The Bills did not have a net loss of free agents last offseason. They were even. On occasion if there is enough disparity between the value of the contracts of the players the Bills signed to the value of the contracts signed by the players they lost, a 7th round pick can be awarded, but it does not happen often.
A compensatory pick guru known only as AdamJT13 has his own site that very accurately predicts what teams will and will not get compensatory picks. Here is his assessment of what he foresees for Buffalo.
Buffalo — The Bills signed two qualifying players and lost two qualifying players, so they will not receive a true comp pick. There is an outside chance that the Bills will receive a “net value” comp pick at the end of the seventh round if the players they lost have a combined value that is sufficiently more than the combined value of the players they signed. Whether that is the case will be determined by the final values of the players involved.
Compensatory picks should be announced on day two of the league meetings, which is March 22nd.
4 – Hi Chris,
I’m curious what do you think the chances are that the Bills trade the 9Th pick and move back in the draft to get more picks? Specifically the Seahawks at 14, Cardinals at 26, and the Vikings at 30 all have questions at QB, what are the chances that any of these teams want to trade up and get one of the first round QB’s, or any other teams that you could see want to trade up and what could we get in return.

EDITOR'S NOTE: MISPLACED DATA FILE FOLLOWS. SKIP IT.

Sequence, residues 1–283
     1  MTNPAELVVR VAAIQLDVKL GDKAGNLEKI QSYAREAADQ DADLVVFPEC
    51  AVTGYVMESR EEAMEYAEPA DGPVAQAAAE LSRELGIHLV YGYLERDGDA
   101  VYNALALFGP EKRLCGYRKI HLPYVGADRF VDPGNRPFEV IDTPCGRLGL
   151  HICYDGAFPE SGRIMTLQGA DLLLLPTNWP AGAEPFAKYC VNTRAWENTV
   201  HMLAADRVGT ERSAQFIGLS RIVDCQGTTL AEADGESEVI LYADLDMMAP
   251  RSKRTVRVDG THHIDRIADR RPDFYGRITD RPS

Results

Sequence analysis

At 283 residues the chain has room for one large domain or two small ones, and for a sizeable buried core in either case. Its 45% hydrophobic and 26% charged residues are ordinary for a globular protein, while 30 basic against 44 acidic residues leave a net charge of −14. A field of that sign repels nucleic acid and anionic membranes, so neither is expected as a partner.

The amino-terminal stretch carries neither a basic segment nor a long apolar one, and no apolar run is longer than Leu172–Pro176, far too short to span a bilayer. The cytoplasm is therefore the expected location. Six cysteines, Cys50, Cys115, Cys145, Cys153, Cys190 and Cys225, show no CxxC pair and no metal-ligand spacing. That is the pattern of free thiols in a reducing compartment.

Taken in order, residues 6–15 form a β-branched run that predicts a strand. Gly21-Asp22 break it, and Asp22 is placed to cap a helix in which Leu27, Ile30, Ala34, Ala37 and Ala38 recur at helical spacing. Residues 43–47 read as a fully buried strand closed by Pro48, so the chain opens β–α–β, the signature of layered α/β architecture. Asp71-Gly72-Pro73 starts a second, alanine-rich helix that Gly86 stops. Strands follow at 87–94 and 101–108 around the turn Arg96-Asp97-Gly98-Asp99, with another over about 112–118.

CB: I think trading down is a much greater possibility than trading up. If the Seahawks still haven’t addressed their QB position long term behind Hasselback via free agency (Derek Anderson visiting), then they’re likely to address it with their pick at 6, so trading up from 14 is kind of a moot point. In fact they’ll probably go OT at 14 if they go QB at 6.
Yes, the Cards are looking for a QB alternative to Leinart, who lacks the quick release to run the offense the same way they did with Warner. He just doesn’t process stuff as quickly as Warner did. I think they too however, look the veteran QB route (had Derek Anderson visit as well).
The Vikings are simply holding out hope that Favre returns. Otherwise they may push hard for McNabb since they run the same offense and Childress used to coach McNabb in Philly on offense.
So that being said, I don’t see any of those teams looking to make a big move up the board to get a QB, and it’s unlikely that Bradford or Clausen are there at 9 anyway. I think Bradford is the first pick, which increases the likelihood that Clausen is gone by pick 6 to Seattle as Pete Carroll has had a close relationship with Clausen since he was in high school (in the state of California).
5 – Hey Chris, I’m a grad student down at Penn State and have seen a lot of Jared Odrick, and he seems to be a really good player. I think that he would be worth a late 1st round, early second round pick. Do you think he would be a good NT? What do you think the odds are of the Bills being able to pick him up, whether they take him at rd 2, pick 9 or trade up/down for him?
CB: I like Odrick a lot. I was hopeful that somehow, some way he’d slip to the Bills at 41 in round two, but that is unlikely to happen. He can play both the nose and end in the 3-4. He’s a versatile kid and he plays 100 mph. If they trade down from 9 into the 20’s I think it’s possible, otherwise he’ll be playing for some other 3-4 team. A really solid player as I see it.
Tags: Chan Gailey, compensatory picks, Fan Friday, Jared Odrick, Kawika Mitchell, Marcus Stroud, Paul Posluszny, Roscoe Parrish
Posted in Inside the Bills